Each year since its flashy inception in 1973 the World Open has lowered its sights and raised its rating. The first year, the event, then held in November, was 10 days and 144 holes long, and the prize money was a record $500,000. It was played on two courses because the field was so large, and it was an unwieldy flop that Miller Barber won and Nicklaus, Weiskopf and Lee Trevino didn't even bother to enter. Weiskopf and Nicklaus went hunting and Trevino said he was incapable of staying anywhere for 10 days, much less in Pinehurst, N.C.
Last year the Tournament Players Division gave the World Open designated tournament status and a September date, so a glittering field was assured. Johnny Miller won a four-way playoff, beating Nicklaus, Frank Beard and Bob Murphy, but two courses were still being used and the field remained huge.
This year, at last, the Diamondhead Corporation, which acquired Pinehurst lock, stock and village five years ago, decided to let its greatest asset, No. 2, do the talking. The field was pared to a normal 156, the purse to $200,000 and the play was entirely on the one course. Suddenly the tournament had character. The presence last week of the British Ryder Cup team, on its way to Pennsylvania's Laurel Valley, did not hurt either. The nine Britishers and three Irishmen gave the old spa a cosmopolitan air as they tried to make their chip shots run on slow American greens.
On Thursday, opening day, a carillon in the village chapel played a noontime medley of old fundamentalist favorites ("... was lost, bu-ut now am found") and the cannons from Fort Bragg 30 miles away thumped like distant thunder while Lee Elder shot a 65, his best round in a difficult year and the lowest round of the tournament by two strokes.
Friday seemed like two days. The rain that had interrupted play briefly on Thursday held off until evening, but a strong gusty wind blew up in the afternoon and scores blew up with it. The morning rounds produced two 67s, Ben Crenshaw's and Joe Inman's, but no one who teed off in the afternoon could do better than 69. Leading the field after 36 holes with a 67-69—136, six under par, was the L.A. Open winner Fitzsimons. Even Nicklaus was impressed. "Some good golf was played out there today," he said, after shooting an even-par 71. "Better than I'd have expected at Pinehurst. I haven't been throwing any shots away and I'm five strokes off the lead and there are 10 or 12 guys ahead of me." Poor Jack.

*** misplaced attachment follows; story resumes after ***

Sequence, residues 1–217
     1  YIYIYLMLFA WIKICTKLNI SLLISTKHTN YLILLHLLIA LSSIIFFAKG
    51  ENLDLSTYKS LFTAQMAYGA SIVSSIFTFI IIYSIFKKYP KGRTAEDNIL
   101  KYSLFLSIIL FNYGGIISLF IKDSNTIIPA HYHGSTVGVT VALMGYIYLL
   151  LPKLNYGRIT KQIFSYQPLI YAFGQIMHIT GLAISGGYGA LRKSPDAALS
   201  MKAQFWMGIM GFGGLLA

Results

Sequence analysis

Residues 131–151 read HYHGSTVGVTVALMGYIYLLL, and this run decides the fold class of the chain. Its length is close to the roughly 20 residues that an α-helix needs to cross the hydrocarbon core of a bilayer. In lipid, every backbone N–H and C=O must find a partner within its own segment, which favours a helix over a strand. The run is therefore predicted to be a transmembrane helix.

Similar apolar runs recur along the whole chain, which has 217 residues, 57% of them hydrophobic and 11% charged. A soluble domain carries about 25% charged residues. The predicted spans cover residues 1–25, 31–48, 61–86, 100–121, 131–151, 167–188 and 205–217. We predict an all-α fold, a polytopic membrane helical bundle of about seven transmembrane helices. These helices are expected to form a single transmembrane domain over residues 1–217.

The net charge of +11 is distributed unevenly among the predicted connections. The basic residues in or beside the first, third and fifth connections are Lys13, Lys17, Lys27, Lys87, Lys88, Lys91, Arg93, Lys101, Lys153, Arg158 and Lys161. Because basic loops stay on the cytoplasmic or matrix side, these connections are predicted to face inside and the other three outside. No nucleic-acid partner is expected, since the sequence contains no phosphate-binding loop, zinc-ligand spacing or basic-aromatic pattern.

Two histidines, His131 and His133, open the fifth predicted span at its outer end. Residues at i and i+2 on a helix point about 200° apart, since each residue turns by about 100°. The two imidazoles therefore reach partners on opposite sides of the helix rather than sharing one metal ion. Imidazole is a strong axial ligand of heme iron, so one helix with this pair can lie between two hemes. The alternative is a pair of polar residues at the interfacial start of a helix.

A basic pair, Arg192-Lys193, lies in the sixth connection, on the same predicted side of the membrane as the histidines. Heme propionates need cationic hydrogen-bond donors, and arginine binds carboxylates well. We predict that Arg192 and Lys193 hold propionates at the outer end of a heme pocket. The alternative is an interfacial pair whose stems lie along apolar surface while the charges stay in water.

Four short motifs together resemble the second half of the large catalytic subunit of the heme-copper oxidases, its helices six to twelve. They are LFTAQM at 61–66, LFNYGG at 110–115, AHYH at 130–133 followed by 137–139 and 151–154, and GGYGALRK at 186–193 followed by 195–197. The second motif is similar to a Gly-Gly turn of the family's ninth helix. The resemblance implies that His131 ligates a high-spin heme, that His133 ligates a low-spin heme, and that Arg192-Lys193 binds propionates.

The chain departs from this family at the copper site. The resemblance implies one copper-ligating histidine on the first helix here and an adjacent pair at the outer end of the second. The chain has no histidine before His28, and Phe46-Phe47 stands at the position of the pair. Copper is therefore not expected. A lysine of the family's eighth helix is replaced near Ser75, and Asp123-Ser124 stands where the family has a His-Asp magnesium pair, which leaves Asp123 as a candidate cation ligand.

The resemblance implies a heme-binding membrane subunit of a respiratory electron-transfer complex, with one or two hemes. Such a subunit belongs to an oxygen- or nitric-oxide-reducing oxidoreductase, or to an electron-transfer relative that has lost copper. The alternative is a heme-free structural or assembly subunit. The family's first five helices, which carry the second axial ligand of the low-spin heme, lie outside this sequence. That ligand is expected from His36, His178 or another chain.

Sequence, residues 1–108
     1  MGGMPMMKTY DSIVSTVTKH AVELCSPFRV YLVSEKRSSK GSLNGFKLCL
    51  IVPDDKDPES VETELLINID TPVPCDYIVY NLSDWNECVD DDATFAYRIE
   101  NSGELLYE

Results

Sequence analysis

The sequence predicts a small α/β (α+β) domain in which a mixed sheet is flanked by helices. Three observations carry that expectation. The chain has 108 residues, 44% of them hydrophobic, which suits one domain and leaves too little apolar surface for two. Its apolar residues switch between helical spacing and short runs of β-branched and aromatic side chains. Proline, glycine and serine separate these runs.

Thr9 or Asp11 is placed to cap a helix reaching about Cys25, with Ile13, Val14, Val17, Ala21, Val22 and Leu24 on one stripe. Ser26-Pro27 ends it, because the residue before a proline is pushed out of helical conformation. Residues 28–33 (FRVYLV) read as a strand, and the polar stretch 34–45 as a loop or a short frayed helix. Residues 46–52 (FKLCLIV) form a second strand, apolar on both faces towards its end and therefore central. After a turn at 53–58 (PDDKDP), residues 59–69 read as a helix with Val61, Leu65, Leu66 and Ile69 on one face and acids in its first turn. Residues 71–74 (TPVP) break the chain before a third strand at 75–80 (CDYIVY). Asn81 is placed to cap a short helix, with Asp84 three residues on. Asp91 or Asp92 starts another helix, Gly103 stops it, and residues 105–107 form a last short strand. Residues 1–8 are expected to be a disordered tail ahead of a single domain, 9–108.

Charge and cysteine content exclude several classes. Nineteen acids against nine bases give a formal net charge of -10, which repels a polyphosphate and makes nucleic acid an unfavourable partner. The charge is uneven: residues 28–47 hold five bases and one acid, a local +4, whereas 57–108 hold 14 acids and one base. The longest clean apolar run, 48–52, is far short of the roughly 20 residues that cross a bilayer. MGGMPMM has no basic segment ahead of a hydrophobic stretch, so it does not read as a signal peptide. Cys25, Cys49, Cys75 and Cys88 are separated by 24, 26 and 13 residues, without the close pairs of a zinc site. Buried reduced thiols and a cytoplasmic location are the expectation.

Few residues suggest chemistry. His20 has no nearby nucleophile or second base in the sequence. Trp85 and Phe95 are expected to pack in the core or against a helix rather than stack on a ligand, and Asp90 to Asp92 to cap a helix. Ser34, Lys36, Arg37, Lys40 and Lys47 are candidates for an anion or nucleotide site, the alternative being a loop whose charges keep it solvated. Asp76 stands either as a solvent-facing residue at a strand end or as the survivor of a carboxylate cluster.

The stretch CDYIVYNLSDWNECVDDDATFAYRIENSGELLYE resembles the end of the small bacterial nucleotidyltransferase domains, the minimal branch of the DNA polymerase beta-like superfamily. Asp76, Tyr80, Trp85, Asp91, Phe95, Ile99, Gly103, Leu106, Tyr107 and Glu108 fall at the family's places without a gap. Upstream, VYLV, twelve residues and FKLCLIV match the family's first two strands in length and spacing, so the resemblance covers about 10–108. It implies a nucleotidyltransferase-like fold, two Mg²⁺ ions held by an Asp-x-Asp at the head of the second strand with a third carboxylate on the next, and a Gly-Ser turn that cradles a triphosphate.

Off the course, however, Nicklaus was a walking diplomatic incident. On Thursday a reporter asked him whether the real reason he had refused his place on the two-man U.S. team for the World Cup in Bangkok was that he feared for his life in politically unsettled Thailand. Jack answered, "You hit it on the button," and the story flew out over the AP news wire. The upshot was that the U.S. State Department, possibly for the first time in the history of the Republic, was forced to take a position in re a golfer. Its position was to "take exception" to Nicklaus' position.
Then there was the inevitable request for Nicklaus' opinion of the golf course. With characteristic candor Jack complied. "I used to think this and Firestone were the top two courses in the world," he said. "But they've made some changes here. I still think it is one of the top five or six."
Furthermore, he said, "This is a better golf course than Augusta. Augusta has the nostalgia and all that. But it's probably the worst-conditioned golf course we play. It's pretty and green, but there's no grass in the fairways and every shot is a flyer. A month later it would be perfect." Augusta National? Worst-conditioned? Say it isn't so, Jack!
Even Nicklaus' silver-topped caddie, Angelo Argea, got into the act. Argea drew a 30-day suspension from TPD Commissioner Deane Beman for being seen inside the clubhouse, clubhouses being off limits to caddies just as they once were to pros.
After this week's Ryder Cup, a dwindling troupe of players will cross the continent one more time, but Nicklaus will be with them only as far as Napa, Calif. and the Kaiser International. After that he will play the Australian Open, fish the Great Barrier Reef, travel to Spain on business, and maybe Japan, too, watch his Buckeyes play football in Columbus and his two sons play football in Florida. That is how the best golfer in the world rewards himself for the best year he's ever had.